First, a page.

The Lesotho trip would aid a Habitat community outside of the capital city of Maseru. Building commenced in the area in 2002 after local officials donated over two-hundred housing plots, affirming the local community’s desire and determination to provide appropriate shelter for their friends and neighbors. Habitat for Humanity volunteers would help to build homes “constructed of cement block and brick that include a ventilated pit latrine but no electricity.” This is indeed an improvement over current conditions as many housing areas in Lesotho have “as many as fifteen families sharing one latrine and children playing near open sewage”. Habitat also states that, “the Ministry of Local Government reports that more than 45,000 units of decent, affordable housing are needed to resolve the current crisis in the capital district alone.” For a country scoured by aids with consequent large numbers of AIDS orphans, decent housing is of the utmost importance for the under-privileged population.

Itinerary

August 9 - Depart from home August 10 – Everyone arrives in Lesotho August 11-15 – Build August 16-17 – Cultural R&R August 18-22 – Build August 22 – Evening dedication ceremony August 23 – Depart for home or post-build activities

Due to this trip being an Enhanced Adventure Build, the possible itinerary also includes pre-build and post-build sessions. The pre-build activities take place in Cape Town, with activities concerning South African geography, culture, wildlife, and vernacular architecture. The HIV/AIDS crisis is addressed by meeting with community organizations that battle the epidemic and taking a tour of an AIDS orphanage. Walking tours focus on the local vernacular. Museums concerning cultural aspects of the area and the Apartheid are visited. The group also visits the prison where Mandela was held, with a tour led by former inmates of the Apartheid government.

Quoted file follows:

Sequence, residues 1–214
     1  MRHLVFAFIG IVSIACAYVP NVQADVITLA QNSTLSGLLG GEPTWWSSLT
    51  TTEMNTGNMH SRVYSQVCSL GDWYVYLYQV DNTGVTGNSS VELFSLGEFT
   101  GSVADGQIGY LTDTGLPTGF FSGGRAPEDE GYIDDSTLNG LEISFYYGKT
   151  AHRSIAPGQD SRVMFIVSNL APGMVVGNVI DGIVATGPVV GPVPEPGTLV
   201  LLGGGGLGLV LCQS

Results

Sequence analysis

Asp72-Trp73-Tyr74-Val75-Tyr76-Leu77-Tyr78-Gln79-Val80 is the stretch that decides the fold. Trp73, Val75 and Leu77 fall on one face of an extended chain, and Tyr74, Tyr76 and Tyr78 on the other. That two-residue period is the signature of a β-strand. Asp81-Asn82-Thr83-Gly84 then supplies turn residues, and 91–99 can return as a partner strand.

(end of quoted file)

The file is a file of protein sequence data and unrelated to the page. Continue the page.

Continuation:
I earned an International Baccalaureate at the United World College of the Atlantic in Wales and Mandela is the Honorary President of our council. Being that Mandela is my personal hero, I would expect that to be very inspirational.

Experiencing and learning about South African culture and history would enable me to be prepared to enter the intended community with an understanding of the social framework. This would definitely turn a building venture into an exercise of architecture as a social art, serving a society with specific histories and influences.

As a note, I do realize that last year’s winner traveled to South Africa. The Pre-Build activities are in South Africa, but the building project is in the very deserving and under-developed country of Lesotho.

Estimated Cost

• $1,770 - $1,900 for Build portion • Includes: lodging, food, ground transportation, tour to the Cape of Good Hope, traveler’s medical insurance, orientation materials, donation to Habitat South Africa • Not Included: air transportation to Cape Town (Probably will exceed $1000 stipend)

I believe that joining the Habitat for Humanity Global Village Program team in Lesotho to build homes for those that need them most can educate me on another aspect of the housing crisis. I have seen the agony of those that have had adequate homes and lost them through the devastation stemming from natural disasters. I would now like to experience the blight of a community that was never granted that honor. Shelter is a basic human need that has been neglected and unattainable in many parts of our world. I would be honored to have the opportunity to turn one community’s impossible dream into a life-changing reality.

Sources: www.habitat.org/cd/gv/trip_desc.aspx?type=1&code=gv9102 (program website) www.anirfoundation.org (affiliate website)

Team Leader: Adrienne Biesemeyer, Anir Foundation executive director, (lesotho@anirexperience.org)


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Nicole Graycar, Carnegie Mellon University, USA; Habitat for Humanity Global Village Program, Lesotho